Levinson-Waldman said that even people who are in the United States, even temporarily, are protected by the constitution and the bill of rights, and are afforded protection and rights, including rights to free speech and from unlawful government intrusion.
“You don’t have to be a citizen to take advantage of the protections of the Constitution,” she said.
Levinson-Waldman cited a court decision striking down NYPD surveillance of mosques as important precedent in this case.
“There the court said that when the government is not only engaging in surveillance but engaging in discriminatory surveillance, singling out one group as against another, then the fact that that chills people from exercising their constitutional rights,” she said. “I think it’s inevitable that it would be targeted at certain marginalized groups, for instance people who are here from Muslim majority countries, given the rest of what the administration has put into place. Then it becomes a bit easier to make a First Amendment claim about being chilled.”
Earlier this year, officials started to require applicants for U.S. visas to submit information about their social media accounts going back five years. There are millions of naturalized citizens in the United States, and more than 700,000 people were naturalized last year, according to DHS.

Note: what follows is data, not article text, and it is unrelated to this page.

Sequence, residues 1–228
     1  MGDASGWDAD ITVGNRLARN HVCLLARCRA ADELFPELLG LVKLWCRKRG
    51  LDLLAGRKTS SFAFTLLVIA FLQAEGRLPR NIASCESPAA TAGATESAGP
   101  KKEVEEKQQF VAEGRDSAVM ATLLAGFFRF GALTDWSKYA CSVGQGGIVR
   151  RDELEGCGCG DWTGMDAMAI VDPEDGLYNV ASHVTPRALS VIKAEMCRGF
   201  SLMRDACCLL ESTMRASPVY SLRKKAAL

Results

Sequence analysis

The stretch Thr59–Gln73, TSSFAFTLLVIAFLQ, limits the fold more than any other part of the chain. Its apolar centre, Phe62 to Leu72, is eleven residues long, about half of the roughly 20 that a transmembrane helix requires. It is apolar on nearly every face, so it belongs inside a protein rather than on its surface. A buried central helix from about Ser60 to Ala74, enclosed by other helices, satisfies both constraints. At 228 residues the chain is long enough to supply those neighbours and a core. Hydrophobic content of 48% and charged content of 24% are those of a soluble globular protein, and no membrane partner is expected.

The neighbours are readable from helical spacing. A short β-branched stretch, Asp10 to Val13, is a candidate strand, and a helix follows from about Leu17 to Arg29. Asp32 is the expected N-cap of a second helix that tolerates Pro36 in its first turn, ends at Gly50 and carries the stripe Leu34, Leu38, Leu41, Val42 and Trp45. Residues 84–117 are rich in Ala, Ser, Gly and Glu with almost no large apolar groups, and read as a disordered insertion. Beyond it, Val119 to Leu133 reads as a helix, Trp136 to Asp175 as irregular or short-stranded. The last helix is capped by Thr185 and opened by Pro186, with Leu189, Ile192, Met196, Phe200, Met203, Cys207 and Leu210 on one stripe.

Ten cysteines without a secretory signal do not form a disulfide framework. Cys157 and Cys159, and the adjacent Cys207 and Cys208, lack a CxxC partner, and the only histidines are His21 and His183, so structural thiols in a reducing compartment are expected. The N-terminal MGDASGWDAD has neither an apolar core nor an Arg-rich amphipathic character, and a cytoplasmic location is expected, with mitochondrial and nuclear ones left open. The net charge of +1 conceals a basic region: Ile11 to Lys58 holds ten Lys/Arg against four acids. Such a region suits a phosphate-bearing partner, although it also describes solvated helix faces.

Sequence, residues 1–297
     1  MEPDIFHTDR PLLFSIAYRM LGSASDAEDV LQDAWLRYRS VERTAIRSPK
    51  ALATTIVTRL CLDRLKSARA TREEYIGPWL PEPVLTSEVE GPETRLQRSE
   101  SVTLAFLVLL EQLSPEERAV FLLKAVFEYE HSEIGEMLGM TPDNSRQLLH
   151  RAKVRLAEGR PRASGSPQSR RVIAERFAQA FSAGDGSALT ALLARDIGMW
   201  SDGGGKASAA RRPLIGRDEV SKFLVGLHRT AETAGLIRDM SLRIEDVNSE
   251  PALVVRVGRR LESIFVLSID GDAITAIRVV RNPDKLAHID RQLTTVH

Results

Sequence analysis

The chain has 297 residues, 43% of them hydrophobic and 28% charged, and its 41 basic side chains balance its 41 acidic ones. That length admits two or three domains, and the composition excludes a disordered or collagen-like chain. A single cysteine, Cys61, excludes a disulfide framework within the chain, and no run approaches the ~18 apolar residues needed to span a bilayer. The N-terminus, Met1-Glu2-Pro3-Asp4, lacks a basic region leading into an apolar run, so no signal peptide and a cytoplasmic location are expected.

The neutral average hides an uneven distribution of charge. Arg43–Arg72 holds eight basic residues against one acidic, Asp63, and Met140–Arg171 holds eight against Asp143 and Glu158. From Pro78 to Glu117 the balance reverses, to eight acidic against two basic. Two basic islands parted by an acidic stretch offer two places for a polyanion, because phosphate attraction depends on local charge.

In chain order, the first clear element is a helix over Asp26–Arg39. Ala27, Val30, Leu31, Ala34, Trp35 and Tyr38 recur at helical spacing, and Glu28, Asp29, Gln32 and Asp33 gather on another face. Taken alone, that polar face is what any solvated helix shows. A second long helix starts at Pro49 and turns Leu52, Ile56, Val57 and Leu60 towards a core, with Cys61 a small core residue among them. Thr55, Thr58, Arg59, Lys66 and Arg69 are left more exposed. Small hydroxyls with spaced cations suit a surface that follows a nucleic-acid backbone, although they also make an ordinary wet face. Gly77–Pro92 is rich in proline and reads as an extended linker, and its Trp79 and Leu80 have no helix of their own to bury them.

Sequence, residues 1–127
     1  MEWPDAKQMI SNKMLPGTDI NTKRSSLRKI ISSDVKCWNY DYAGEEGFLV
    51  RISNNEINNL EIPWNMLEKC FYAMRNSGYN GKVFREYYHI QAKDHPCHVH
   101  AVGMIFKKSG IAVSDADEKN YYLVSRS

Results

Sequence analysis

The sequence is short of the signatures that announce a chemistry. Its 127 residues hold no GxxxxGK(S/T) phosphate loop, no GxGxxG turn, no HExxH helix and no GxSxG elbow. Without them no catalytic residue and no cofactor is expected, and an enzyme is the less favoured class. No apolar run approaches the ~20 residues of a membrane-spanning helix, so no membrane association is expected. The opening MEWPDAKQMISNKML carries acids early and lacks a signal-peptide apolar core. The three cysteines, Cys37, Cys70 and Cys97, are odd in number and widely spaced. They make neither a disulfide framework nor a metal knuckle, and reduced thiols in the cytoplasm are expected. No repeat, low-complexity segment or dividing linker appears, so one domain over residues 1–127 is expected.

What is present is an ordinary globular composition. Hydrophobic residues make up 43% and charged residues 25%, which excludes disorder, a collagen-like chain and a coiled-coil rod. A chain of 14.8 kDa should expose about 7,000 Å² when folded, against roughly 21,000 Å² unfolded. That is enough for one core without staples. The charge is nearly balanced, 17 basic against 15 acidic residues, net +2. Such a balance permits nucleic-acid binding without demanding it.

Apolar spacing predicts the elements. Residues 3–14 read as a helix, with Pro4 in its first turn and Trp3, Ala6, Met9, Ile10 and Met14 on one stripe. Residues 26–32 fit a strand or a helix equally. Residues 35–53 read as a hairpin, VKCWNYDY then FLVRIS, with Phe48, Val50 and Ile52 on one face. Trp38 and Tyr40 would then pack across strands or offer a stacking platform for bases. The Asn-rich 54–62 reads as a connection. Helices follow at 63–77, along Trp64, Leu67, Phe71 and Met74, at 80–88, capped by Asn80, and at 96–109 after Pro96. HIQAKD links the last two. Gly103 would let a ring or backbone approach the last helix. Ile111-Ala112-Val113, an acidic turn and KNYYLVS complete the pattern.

The Electronic Frontier Foundation, a digital rights advocacy group, expressed alarm at the new rules, and said that the increased is part of a years-long trend.
“This chills and deters the free speech and association not just of these immigrants, but also of all the U.S. citizens who communicate with them,” EFF senior staff attorney Adam Schwartz told The Cipher Brief in an email.
“Now DHS has put out a notice that it will store this social media information, apparently indefinitely, in “A-Files.” This is a government record keeping system that tracks immigrants, including lawful permanent residents and naturalized U.S. citizens. EFF is concerned that this DHS notice indicates a new form of invasive social media surveillance,” he said.
Morell said that whether the policy causes harm will be up to the officials enforcing it, and whether they focus on the right things.
“Could it have a chilling effect? Sure, as people are worried about everything they say, will everything they say be used against them? And so I think there’s a potential chilling effect,” Morell said.
“The ultimate chilling effect will depend on what the government chooses to make an issue. And as long as the government focuses on what it should be focused, which is extremist views and criminal behavior, then I think it won’t chill the things that privacy and civil liberties groups are worried about. If you give someone a hard time because they’re anti-Trump that’s not an appropriate use of this because this would have a chilling effect on something we shouldn’t care about.”
Wilson Dizard is a national security editor at The Cipher Brief. Follow him on Twitter @willdizard.